The bottom line is that most of us have it pretty good here, especially if you’re a median or even an average/mean Aussie, statistically speaking.

Part of the reason we do so well is that our land is really valuable compared to many peoples’ lands worldwide because we’re the most urbanised population in the world. 

So many of us live close to the CBD ,where property values are usually the dearest. And most of us are jammed up near the coast, which also adds to the price of property.

And if you think that inequality has increased over the last few decades, Jessica points out that a Productivity Commission study shows that hasn’t happened to any significant degree.

And a CEDA Report shows 50% of baby boomer Aussies think they’ve missed out on the 27 years of economic growth without a recession but the numbers hint that maybe many of these are just whingers or bad at managing their money.

But it’s not just baby boomers who can whinge, as Jessica laments the plight of younger Aussies, who now find it hard to buy homes, while the oldies here are living far too long, on tax-free super and other benefits.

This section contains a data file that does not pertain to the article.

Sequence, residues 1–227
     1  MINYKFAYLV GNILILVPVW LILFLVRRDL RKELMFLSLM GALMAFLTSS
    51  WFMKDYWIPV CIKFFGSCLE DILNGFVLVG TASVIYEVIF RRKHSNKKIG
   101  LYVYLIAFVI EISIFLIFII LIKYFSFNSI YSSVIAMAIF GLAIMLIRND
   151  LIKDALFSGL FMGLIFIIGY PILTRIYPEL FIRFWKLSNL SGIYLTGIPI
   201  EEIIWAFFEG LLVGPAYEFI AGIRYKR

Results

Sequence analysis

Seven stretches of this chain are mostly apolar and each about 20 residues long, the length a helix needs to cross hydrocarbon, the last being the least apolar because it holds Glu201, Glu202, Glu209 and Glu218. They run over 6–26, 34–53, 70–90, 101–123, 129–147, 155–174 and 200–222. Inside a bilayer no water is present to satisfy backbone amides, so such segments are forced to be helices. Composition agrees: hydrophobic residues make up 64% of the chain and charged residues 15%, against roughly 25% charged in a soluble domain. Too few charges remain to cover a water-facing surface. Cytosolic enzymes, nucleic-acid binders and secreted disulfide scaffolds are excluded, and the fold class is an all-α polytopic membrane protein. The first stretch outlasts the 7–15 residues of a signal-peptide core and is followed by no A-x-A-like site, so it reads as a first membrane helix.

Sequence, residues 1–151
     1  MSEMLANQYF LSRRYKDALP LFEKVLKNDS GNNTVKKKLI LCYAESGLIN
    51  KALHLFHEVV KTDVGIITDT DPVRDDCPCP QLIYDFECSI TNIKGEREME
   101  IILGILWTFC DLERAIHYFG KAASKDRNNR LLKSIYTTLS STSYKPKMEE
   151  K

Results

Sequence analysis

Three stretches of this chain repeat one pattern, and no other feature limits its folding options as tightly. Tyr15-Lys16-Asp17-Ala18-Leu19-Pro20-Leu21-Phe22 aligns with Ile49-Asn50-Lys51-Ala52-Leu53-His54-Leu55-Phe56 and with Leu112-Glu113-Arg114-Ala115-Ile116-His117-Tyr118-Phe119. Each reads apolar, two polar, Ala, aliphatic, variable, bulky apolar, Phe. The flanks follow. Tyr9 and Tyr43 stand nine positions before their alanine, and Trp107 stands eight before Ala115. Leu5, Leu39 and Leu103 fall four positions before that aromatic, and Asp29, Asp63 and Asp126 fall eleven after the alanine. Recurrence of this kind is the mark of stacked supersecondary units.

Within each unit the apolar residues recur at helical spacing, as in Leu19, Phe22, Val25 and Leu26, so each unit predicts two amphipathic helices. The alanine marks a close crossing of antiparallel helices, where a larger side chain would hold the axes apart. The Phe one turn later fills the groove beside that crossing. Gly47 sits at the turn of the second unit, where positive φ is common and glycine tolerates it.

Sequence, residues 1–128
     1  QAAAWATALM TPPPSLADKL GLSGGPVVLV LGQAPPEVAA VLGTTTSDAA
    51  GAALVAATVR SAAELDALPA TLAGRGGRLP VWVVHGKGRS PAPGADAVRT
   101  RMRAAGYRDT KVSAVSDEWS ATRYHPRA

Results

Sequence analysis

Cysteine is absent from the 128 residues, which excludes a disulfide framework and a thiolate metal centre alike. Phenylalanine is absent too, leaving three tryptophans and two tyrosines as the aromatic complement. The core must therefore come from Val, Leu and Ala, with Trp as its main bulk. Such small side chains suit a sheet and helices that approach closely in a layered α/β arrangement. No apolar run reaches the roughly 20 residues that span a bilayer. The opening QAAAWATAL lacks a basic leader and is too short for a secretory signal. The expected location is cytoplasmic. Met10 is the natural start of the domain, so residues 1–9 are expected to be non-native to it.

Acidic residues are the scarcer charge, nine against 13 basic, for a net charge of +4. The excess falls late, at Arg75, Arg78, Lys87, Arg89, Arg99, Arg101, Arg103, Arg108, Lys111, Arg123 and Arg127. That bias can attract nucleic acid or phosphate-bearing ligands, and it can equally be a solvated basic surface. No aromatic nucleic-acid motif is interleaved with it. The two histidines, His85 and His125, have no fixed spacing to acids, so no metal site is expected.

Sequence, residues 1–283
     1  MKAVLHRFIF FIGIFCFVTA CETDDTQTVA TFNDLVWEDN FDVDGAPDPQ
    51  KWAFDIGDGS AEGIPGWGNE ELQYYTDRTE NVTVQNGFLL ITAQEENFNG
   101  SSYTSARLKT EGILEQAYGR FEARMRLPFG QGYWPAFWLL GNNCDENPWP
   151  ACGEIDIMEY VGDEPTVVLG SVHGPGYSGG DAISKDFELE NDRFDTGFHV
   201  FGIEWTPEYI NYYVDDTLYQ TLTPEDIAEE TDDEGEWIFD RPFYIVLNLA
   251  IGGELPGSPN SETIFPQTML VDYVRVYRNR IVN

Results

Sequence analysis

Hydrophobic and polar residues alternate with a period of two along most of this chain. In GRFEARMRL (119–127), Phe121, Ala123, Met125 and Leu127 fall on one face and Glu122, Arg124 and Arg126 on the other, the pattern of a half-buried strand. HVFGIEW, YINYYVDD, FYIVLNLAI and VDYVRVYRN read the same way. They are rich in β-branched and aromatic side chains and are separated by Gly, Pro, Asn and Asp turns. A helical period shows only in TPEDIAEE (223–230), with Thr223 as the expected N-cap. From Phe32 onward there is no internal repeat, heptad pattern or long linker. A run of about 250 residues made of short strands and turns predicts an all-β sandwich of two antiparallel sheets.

But youngsters like Jessica never see what baby boomers see!

She’s right, the young find it really hard to buy expensive properties with slow-growing wages but the young of today are different from the young of yesteryear.

The young wear better clothes, drive better cars, fly more often, buy more expensive drinks, outlay on recreational experiences and even get married overseas, while wanting to live close to the middle of their cities rather than going out to the boondocks like many of their parents did, with screaming babies and one job in the family.